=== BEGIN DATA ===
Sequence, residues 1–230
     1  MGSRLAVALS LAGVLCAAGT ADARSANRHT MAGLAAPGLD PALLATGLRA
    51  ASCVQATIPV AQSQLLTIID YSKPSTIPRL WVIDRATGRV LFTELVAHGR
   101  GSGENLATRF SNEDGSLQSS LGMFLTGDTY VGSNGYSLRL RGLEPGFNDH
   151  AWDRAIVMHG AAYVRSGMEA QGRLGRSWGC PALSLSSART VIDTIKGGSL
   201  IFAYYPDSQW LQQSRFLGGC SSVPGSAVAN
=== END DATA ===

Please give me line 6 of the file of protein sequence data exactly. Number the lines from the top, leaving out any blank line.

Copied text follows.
   201  IFAYYPDSQW LQQSRFLGGC SSVPGSAVAN